OK, asking more sounds like a good thing on the surface.

But the real question is, will that be carried out across the board?

Or could black and brown students be allowed to continue to slip because expectations aren’t that high for them to begin with?

One thing I continue to learn as a mother is that kids perform to the level of expectation. Set the bar high, and they will strive to reach it. They don't know anything other than to reach and reach further -- if that's what's expected of them. Expect them to fail, and they will.

My 4-year-old is just starting to navigate all of the adventures that come with going to school. He’s an amazing little sponge, as all kids at that age are. I can see him, with our guidance and that of teachers, making connections and constructing for himself a floor, a foundation on which the rest of his academic experience, curiosity and love of learning will stand. My job is to push and block and fight to make sure he -- and later, his baby sister -- gets the best possible education.

The challenges of raising and educating a black male in a major American city are not lost on me.

We live in a predominantly black community and checked out the schools nearby. Everyone in the parenting circles I'm connected to extols the virtues of magnet and charter schools. But getting into those schools is largely a matter of chance.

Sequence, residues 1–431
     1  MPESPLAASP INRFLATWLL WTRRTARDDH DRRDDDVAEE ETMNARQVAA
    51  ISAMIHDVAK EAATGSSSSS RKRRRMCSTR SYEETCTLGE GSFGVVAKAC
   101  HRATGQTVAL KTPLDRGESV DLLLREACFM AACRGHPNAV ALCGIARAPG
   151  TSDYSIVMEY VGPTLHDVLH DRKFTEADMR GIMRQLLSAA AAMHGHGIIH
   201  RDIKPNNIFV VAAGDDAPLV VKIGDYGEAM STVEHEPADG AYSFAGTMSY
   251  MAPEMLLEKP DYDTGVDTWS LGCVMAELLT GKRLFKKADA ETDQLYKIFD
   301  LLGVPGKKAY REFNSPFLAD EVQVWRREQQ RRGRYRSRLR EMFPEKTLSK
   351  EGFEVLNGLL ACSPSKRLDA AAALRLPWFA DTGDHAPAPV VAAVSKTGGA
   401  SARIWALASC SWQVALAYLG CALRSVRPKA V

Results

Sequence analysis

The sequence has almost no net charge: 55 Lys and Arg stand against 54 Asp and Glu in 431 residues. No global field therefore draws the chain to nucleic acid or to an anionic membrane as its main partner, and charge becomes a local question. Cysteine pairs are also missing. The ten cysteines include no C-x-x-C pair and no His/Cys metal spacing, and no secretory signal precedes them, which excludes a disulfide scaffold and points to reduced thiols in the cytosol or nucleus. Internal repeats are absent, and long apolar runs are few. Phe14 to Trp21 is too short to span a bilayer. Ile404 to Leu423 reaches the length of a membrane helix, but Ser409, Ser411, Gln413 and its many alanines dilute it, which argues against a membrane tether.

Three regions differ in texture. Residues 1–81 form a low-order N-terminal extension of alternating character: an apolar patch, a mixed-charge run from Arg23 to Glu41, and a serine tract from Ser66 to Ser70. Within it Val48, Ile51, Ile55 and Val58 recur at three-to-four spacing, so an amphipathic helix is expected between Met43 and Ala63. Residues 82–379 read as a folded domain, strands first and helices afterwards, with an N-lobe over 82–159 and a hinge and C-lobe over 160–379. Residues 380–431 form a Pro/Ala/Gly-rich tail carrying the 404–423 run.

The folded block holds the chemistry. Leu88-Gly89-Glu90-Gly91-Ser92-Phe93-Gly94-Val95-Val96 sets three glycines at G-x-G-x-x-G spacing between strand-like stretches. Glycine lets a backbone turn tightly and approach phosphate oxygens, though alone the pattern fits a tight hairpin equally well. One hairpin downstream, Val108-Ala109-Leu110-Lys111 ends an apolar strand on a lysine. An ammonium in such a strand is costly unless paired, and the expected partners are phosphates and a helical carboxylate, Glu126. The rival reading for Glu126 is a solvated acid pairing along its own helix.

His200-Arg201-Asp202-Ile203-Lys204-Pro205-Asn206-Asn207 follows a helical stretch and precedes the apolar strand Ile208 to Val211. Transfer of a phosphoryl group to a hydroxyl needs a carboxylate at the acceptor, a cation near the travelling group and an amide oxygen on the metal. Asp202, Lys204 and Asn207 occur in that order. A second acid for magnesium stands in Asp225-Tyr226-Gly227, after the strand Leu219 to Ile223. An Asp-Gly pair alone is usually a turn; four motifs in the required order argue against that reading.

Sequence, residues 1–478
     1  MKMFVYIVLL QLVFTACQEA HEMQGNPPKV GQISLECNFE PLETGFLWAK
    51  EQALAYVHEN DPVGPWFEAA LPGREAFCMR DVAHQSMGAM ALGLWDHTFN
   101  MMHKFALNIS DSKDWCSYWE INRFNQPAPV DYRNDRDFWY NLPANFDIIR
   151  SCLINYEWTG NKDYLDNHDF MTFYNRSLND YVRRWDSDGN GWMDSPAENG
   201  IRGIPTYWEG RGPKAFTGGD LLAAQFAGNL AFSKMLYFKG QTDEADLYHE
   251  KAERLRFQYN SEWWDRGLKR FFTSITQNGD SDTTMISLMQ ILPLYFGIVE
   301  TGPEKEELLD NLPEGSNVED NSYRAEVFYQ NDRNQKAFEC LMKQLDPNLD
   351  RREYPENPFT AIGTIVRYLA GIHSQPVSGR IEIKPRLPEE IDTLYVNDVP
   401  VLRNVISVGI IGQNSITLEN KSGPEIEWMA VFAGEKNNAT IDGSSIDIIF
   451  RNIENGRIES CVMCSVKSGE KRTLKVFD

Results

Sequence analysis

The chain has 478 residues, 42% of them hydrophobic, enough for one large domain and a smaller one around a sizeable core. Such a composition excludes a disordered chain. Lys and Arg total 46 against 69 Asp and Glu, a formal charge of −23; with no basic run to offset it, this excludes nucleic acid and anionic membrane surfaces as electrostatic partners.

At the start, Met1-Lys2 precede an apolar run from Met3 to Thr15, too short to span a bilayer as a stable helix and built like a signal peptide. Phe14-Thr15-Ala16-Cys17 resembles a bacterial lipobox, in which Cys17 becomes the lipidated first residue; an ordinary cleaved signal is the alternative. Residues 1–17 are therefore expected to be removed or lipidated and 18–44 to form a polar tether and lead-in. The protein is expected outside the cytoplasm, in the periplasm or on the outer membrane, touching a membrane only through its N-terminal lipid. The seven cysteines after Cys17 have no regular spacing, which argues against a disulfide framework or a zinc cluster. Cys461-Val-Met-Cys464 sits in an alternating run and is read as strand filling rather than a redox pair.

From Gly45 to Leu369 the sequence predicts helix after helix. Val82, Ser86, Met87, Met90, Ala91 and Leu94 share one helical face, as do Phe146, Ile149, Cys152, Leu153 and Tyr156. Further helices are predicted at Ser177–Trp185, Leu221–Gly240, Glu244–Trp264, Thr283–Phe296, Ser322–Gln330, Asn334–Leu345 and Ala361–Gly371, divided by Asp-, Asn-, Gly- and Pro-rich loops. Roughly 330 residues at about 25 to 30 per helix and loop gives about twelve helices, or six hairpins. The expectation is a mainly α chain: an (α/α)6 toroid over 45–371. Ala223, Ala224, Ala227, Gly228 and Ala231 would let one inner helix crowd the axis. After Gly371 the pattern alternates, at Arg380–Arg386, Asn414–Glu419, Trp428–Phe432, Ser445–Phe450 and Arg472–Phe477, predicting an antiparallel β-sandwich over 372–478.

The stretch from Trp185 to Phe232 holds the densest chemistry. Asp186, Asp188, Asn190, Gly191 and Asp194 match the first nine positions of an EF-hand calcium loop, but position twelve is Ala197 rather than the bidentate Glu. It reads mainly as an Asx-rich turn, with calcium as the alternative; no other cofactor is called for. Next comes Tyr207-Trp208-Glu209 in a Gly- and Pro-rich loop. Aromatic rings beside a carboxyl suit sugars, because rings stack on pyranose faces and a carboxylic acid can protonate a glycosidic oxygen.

The neighborhood magnet left us a little cold: The children at this "high ability gifted magnet" are performing at grade level, the director told us. According to the LAUSD website, "Gifted/Highly Gifted/High Ability Magnets serve students who demonstrate ability to work two years above grade level in academic subjects."

That doesn't inspire much confidence in that system, either.

The case for higher expectations

My husband and I are mostly the products of private education. We grew up hearing how our struggling middle-class moms scrimped and sacrificed to give their kids the best education. To a large degree, when it comes to the education we are responsible for providing our children today, that narrative is ingrained in our DNA.

From kindergarten through eighth grade, I went to Palm Valley School in Palm Springs. Though I was the only black student in every one of my classes, all of us were expected to perform to a level of excellence. My next four years, I went to a public high school that opened the year I started. What a different experience.

Straight from private school, knowing nothing else, I was an annoying overachiever my freshman year. But lowered expectations in most of the public classrooms eventually had a detrimental effect on me by my senior year.

A typical teenager distracted by all the things that come with the fabulous life of a 17-year-old, I turned in a really substandard essay in my English class.

At a conference with my mom, an English professor herself, the teacher said he understood our challenge: It must be rough for me working two jobs to support my family.

While that is a reality in some families, this assumption was preposterous in my case. He never really asked.

First, I had a weekend job at a movie theater -- primarily so that I could buy my own clothes and gas up the car. Second, this was an honors/AP English class. The performance standards should have been higher -- for all students. I was excused from the expectation of high standards and given a pass in the name of "understanding" instead of digging deeper to find out what was really at play.

Later in the year, when I submitted an essay that was really up to my standard of performance, that same teacher accused me of cheating. Lowered expectations.

I want more for my son. I expect more of my son -- and so should his school.